This pattern repeated itself in every room, crammed up with usable stuff I never used.

On days of exhaustion, I couldn’t even wash my dishes.

With stacks of stuff everywhere, cleaning was a bitch. This became especially problematic, since my phases of high energy were limited to a week every two months, whereas my exhaustion days slowly increased to three weeks, with phases of vague “I’m still functioning, yay,” in between.
On days of high energy, I managed to clean for hours and get everything ship-shape. On days of exhaustion, I couldn’t even wash my dishes. I would rinse them, stack them, and leave them there until I ran out of cutlery or plates. And when I put them in the dishwasher, I left the clean stuff in there for as long as possible, because it just was too much work to put them away in my stuffed kitchen.
All the things everywhere got dusty. The stuff also made it hard to swipe, vacuum, anything at all, and since I was so effing exhausted, it just got worse and worse. Dust bunnies everywhere, books everywhere, furniture everywhere. Just thinking about it makes me tired all over.

If I wanted to keep writing books, this had to stop.

And then, one day, I sat in my living room, took a good, hard look around, and decided: This doesn’t work for me anymore. Why did I even let it get to this point? This doesn’t make me happy. This isn’t healthy. No stuff in the world could turn this mess around.
If I wanted to keep writing books, this had to stop. I love writing, storytelling, making my thoughts fly where my body can’t, so why did I do this to myself?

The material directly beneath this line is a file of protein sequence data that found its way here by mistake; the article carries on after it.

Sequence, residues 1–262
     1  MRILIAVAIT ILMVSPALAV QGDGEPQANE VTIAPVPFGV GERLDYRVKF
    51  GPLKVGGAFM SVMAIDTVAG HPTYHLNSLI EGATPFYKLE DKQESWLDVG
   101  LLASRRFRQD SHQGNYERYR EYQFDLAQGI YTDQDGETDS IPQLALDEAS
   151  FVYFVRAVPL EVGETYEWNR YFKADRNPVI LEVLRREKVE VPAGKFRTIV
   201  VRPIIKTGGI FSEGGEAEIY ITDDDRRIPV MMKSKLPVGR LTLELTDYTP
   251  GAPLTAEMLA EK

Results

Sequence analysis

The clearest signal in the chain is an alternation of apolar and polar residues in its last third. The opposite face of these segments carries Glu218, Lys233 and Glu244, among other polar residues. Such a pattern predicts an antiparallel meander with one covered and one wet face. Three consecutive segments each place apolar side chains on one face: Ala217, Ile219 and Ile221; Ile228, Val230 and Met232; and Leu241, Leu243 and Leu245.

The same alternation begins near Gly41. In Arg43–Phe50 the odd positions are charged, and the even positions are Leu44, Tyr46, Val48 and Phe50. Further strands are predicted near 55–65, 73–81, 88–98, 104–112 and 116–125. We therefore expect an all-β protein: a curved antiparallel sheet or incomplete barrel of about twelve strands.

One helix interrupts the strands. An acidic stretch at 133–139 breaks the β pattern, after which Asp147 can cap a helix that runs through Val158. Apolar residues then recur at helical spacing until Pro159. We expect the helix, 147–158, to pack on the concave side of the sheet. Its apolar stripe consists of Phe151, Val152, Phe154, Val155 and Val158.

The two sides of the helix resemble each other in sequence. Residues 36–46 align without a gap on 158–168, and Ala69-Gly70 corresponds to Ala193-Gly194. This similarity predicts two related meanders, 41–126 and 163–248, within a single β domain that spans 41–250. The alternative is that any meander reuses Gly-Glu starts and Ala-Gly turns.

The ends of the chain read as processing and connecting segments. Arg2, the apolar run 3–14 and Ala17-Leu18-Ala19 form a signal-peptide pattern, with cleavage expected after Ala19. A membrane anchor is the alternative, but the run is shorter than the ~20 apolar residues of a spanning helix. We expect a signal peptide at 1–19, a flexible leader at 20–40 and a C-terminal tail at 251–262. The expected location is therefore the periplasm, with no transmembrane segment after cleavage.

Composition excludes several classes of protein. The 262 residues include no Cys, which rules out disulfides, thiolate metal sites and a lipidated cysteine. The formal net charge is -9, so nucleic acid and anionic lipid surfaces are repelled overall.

I’ve always thought things through all the way before I act. I thought a good two months about how to best clean up my act before I realized that thinking wouldn’t change a thing. I would have to start somewhere, to jump right in, and hope it would get easier with time. God, did I hope it would get easier! And to find a way to deal with my mess, I searched the web. And found minimalism.

Those first few days were the hardest days of my life.

I won’t tell you what minimalism is in detail, there are enough pages and blogs on the web if you’re interested. To summarize: Minimalism is the art of looking at items and asking yourself, “does this thing make me happy?” If the answer is no, you give it away, sell it, throw it out, just get it out of your life. If the answer is yes, you find a place for it. A place where it’s appreciated the way it’s supposed to be.
Minimalism allowed me to decide, “no, you don’t need that, don’t lie to yourself. There will never be a time or place where you need a cocktail shaker, or three pans, or that box of bamboo steamer baskets.”